The vast majority of the order polygons we are sent and then the data we deliver here at Apollo Mapping is in a projected coordinate system such as Universal Transverse Mercator (UTM). And while projected coordinates systems are typically preferred to a geographic system, you often need to know their zone number to load them quickly in various software applications; you also need to know the zone number if you wish to reproject a spatial file in an alternate projection into UTM. With this in mind, for the October Geospatial Tip of the Month (GTM) I offer four ways to determine the UTM zone number of a spatial file.
A Bit on the Universal Transverse Mercator Coordinate System
Before we jump into the various ways you can determine a UTM zone, let’s very briefly cover the topic of spatial projections. In order to display spatial information in its correct location on the planet, this data must be assigned a projection which is comprised of a coordinate system and datum. A projected coordinate system is a mathematical function that lets us display data from a curved globe on a flat computer monitor or piece of paper; and then the datum is the generalized shape of the planet used in this mathematical transformation. Many spatial data users choose UTM (the coordinate system) WGS84 (the datum) as their projection of choose as it is generally accepted as the most accurate way to represent spatial data. For a more through handling of projections, coordinate systems and datums, you can check out my two-part series here (Part 1; Part 2) or these two web resources (Resource 1; Resource 2).
Option 1 – The Mathematic Approach
If you know the left (or west) most longitude of the dataset in question, then one approach to determining the correct zone number is using good old mathematics. Here is a re-hatch of the technique described in my two-part series above:
- Take your longitude coordinate in decimal degrees and add 180. Most often, people will choose a coordinate in the north-west corner of their data, and assign it this zone number even if the data straddles two zones.
- Then divide by 6.
- Finally round-up to the next highest whole number.
So for example, the UTM zone number for 39° W would be found through these steps:
- -39 + 180 = 141
- 141 / 6 = 23.5
- 5 rounds up to 24
So 39° W is in UTM zone number 24. If the data is above the Equator, then it would be in zone 24 North; and if below the Equator, it would be in zone 24 South.
Option 2 – Check the PRJ File
If the data you have is in shapefile format, it is already projected to UTM and there is a .PRJ file with it, you can simply open the PRJ file in a text editor like Notepad or Wordpad to find the zone number. The zone number would look something like this in a text editor:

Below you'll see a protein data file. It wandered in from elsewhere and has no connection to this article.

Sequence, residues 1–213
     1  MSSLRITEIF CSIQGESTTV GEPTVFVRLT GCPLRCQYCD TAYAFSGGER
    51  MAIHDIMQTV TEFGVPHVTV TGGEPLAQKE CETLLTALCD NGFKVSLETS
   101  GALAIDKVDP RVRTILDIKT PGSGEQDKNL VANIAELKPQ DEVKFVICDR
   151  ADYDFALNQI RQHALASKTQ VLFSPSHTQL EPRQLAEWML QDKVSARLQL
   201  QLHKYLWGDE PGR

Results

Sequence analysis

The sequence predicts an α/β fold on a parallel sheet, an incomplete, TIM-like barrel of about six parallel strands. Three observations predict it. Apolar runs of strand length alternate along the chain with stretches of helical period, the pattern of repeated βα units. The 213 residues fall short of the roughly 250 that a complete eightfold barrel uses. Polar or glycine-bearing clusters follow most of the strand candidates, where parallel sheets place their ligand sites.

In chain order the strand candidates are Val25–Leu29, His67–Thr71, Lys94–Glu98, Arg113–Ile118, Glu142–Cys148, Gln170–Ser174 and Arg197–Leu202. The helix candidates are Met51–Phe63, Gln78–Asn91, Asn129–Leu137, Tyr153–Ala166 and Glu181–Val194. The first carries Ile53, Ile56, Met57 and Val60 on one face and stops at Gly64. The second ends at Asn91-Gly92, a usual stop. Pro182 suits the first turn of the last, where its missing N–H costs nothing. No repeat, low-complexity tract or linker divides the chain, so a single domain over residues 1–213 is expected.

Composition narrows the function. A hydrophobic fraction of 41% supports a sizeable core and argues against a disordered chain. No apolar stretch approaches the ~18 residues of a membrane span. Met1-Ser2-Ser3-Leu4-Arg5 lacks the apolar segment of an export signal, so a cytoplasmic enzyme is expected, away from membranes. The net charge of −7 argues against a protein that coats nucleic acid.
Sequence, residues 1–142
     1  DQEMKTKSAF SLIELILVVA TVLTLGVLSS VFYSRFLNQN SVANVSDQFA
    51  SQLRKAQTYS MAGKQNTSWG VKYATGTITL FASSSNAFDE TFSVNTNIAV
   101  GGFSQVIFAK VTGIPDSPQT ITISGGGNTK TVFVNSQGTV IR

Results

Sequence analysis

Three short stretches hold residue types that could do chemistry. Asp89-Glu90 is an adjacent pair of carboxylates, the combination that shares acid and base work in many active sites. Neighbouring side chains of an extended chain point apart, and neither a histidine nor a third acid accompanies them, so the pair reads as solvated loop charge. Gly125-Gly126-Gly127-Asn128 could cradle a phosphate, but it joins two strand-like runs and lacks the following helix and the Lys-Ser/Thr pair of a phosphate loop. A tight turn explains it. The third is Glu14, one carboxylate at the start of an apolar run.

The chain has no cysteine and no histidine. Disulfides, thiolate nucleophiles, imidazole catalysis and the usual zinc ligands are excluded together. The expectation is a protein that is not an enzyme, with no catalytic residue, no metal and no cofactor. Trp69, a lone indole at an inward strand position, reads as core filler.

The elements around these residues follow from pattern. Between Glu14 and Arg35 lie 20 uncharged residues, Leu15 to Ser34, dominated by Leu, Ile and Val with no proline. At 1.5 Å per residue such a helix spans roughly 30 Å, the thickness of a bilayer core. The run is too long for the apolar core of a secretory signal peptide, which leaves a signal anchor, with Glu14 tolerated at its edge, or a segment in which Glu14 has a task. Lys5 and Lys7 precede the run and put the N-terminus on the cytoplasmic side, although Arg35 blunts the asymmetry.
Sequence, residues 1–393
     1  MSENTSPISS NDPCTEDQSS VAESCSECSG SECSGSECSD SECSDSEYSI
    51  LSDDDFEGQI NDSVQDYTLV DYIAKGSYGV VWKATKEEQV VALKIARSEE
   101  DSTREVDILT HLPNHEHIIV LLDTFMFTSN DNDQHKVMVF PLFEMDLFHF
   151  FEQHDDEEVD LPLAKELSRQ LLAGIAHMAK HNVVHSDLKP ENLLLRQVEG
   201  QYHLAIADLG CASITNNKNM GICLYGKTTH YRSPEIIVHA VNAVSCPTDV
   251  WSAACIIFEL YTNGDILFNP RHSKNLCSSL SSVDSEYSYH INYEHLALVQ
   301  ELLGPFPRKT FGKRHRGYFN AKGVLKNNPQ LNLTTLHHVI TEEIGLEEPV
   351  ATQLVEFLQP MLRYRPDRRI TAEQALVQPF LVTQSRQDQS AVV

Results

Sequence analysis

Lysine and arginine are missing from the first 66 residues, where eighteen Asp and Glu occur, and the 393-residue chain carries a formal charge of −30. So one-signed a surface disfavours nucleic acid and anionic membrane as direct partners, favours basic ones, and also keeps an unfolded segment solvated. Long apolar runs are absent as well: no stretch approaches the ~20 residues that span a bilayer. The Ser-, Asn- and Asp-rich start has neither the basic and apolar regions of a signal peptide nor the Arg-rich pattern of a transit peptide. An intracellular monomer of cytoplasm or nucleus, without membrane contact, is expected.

So we are in zone 28 North in this example.
Option 3 – Check the Zone Number in ArcGIS
If you have access to a copy of ArcGIS (or a similar GIS software application) and a shapefile of UTM zones, you can simply load the UTM zone grid file and the spatial dataset in the same session. Then click on the Identify button to see what zone number your spatial dataset falls inside of. If your dataset crosses over various zones, we suggest using the zone number where the upper-left most corner falls. This is probably the best way to determine your zone number if the dataset is a raster file.
Option 4 – Check the Zone Number in Google Earth
If your dataset is a KMZ/KML file or you can convert it to a KMZ/KML (for instance by using Image Hunter for the conversion), then you can load it in Google Earth to find the zone number. Be sure your units are set to Universal Transverse Mercator in Google Earth – if they are, you will find the zone number at the bottom center of your screen when you zoom in on the KMZ/KML.
In the video that accompanies this article, I will walk you through the steps to complete Options 2, 3 and 4 above. Well, that was a short, but sweet, GTM!
Do you have an idea for a future GTM? If so, let me know by email at firstname.lastname@example.org.
Brock Adam McCarty
You shouldn’t use Wordpad as a plain text editor. It’s actually a very old (and dumbed down) version of Microsft Word. If you accidentally save the file, you may end up with a file that has formatting added to it (such as font type, size, or bold, underline, etc.). This is no longer a plain text file and the software that reads the file may not be able to interpret the information. This was a common mistake of a few students during the programming/scripting component of GIS traning when I was in school.
Great comment – thanks for adding that in here.
In the article, I was suggesting to use Wordpad just to open the PRJ file and view it as it is delivered with all copies of Windows for free. So I figured that all of our readers (minus Mac users) would have the software.
But point taken, Doug, do not edit files with Wordpad or save the PRJ file when you close it out!
When you pickup of USGS quadrangle map of your area, Examine the information on the map margin. If the datum is change from WGS, GCM UTM 42 to WGS, GCM UTM 43, what is expected horizontal shift in term of area and length if it is change then please elaborate. (2 Point), need an answer of this question.
Sorry that is outside of our expertise! Maybe the community can help?